(Note this will feature several “Audio Moments” recorded from an App called Audioboo. The audioboo app uses Flash so your browser should be flash enabled to see features of this post.  I am aware that pictures taken on an Ipad and hosted on Photobucket.com often display upside down, and am trying to figure out a fix.).

Cold Wars is the Spring event of the Historical Miniatures Gaming Society, a four day show held at the Lancaster Host, Lancaster PA.   I heard a good comment at the show: ” It’s always Winter when I driver up to Cold Wars and Spring when I drive back“. It sure seemed that way to me on Thursday on the way up– snow on the ground when I left, and 50 degrees when I returned.  I had to economize a little bit going up to the show and take my wife’s Subaru.  Economics has a big impact on show attendance, and the price for a gallon of gas on the East Coast is nothing to sneeze at these days– I’d rather drive a car with 30+ mpg than that giant van of mine.

Audio Moment on Thursday

I work staff on HMGS shows, and I have for more than a decade, including a stint as a Cold Wars director in the distant past. So upon arrival I helped with set up and installation, until we were at the point where we were ready to open the doors and take money.  Standard Thursday chores.

Audio Moment Thursday night:

I have no idea of what pre-registration numbers were for Cold Wars 2013, but the registration area (The Wheatland Room at the Host) was fairly mobbed Thursday night. HMGS uses a registration system that for better or worse uses a cloud system to store and process data remotely. The only drawback is the obvious one: when you can’t get on the Internet, you can’t perform the most basic functions to register people for conventions. You guessed it, the hotel couldn’t connect us to the Internet Thursday night and we were a half hour delayed getting set up. The process of registering someone for a convention, selling them t-shirts, etc. is multi-stepped and complex; I was a little nervous jumping in after an absence of a considerable amount of time, but for once it wasn’t an issue, I picked up on it on the first try. I guess I’m getting used to it. It was a drag for the people waiting in line, but again, not much HMGS could have done about it, the internet connection was pretty miserable throughout the hotel for the weekend and that impacted how we run the show.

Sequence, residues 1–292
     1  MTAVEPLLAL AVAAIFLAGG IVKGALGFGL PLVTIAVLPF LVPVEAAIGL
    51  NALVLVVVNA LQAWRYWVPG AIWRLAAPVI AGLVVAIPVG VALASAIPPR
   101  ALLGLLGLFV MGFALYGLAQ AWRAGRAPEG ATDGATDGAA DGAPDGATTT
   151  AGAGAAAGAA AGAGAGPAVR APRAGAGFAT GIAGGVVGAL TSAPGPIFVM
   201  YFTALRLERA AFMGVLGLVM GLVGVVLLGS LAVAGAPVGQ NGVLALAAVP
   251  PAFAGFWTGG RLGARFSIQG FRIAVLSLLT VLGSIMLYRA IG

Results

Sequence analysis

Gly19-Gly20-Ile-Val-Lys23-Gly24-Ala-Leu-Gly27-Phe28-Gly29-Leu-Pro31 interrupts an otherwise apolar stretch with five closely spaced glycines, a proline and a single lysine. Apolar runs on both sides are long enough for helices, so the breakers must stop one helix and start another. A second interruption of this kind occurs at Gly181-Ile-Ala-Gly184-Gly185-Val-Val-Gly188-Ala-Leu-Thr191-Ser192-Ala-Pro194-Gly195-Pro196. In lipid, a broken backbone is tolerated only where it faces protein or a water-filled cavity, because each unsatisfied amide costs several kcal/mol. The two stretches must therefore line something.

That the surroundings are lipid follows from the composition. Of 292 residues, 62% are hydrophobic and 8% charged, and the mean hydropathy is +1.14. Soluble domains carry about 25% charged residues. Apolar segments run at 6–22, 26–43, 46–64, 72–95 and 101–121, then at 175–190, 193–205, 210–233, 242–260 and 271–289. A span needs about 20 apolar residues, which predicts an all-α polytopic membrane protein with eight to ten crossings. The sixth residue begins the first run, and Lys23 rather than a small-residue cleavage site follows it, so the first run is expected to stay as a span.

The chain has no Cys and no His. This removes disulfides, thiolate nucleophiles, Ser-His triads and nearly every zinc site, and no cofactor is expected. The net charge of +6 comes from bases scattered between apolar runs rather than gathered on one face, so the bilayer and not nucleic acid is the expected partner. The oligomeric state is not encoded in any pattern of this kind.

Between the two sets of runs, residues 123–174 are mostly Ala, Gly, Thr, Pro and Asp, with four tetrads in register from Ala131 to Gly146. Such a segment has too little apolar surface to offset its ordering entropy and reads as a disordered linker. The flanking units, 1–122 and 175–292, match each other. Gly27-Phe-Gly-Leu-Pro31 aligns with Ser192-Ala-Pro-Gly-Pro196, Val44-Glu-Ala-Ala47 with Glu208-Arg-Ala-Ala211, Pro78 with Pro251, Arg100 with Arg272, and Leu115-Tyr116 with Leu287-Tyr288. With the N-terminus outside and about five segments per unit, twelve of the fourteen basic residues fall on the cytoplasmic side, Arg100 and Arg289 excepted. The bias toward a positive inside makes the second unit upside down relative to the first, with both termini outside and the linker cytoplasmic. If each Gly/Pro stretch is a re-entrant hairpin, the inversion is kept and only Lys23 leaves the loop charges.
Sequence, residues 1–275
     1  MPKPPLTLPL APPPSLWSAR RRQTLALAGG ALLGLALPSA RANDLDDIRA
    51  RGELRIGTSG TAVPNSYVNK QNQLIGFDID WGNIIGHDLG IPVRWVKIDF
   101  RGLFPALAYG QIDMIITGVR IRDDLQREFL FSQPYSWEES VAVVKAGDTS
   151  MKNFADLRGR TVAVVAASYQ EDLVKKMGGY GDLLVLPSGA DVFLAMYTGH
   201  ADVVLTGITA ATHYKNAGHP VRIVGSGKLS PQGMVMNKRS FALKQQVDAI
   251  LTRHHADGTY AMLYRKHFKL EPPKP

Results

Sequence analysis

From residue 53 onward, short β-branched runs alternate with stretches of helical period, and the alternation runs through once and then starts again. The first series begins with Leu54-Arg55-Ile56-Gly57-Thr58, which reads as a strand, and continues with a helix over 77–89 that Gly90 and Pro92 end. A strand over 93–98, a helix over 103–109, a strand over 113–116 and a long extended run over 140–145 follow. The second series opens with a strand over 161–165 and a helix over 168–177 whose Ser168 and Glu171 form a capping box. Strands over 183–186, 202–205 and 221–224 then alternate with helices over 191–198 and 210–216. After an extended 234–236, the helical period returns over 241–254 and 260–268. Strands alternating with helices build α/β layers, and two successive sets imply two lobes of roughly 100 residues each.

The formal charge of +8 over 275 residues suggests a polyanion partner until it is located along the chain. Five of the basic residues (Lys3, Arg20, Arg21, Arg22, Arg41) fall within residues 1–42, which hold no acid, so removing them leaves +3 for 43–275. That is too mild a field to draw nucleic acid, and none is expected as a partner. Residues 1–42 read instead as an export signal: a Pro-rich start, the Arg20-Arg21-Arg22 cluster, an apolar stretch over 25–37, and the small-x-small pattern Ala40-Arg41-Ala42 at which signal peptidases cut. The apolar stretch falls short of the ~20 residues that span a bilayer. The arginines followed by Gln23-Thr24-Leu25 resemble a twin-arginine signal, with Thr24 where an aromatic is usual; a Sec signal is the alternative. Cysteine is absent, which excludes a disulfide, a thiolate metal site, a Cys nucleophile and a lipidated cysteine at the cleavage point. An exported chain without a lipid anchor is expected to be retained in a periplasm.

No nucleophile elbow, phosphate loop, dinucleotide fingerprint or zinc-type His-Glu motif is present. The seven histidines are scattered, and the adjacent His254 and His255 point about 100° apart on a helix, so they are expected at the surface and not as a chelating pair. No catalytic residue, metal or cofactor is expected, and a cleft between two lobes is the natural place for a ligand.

Registration Hijinks. As always HMGS is blessed with a crowd of great people who make this essential process go as smoothly as it can, given the technology at hand. I have no idea who that mug in the picture is.. what an introvert.

I was not crazy about my schedule, which you may here me whining about here and there in the audio snippets. I usually work morning shifts and have the afternoon free to game and shop with. For some reason I was on the PM shift throughout, so had to get gamng in where I could.

Computers finally up and running, we get the machinery in motion for another show.

Thursday has been a non-event in the past; now people arrive earlier and take advantage of the extra time to schedule and play events in the evening after registration. There were a few regularly scheduled gaming events, including a tournament for Thursday evening.

It cannot be denied that the pastel pink “Woman Warriors” shirt was a hit. HMGS sold out of it entirely in the lower sizes. Are we confronting our feminine side at long last?

I wanted to get together a Cosmic Encounters game but had no takers. So it goes. One has to be realistic about these things, to quote Logan Nine Fingers. I did end up in a typical destination for Thursday and had a beer with some friends. Or two. As you can see.

Audio Moment:

FRIDAY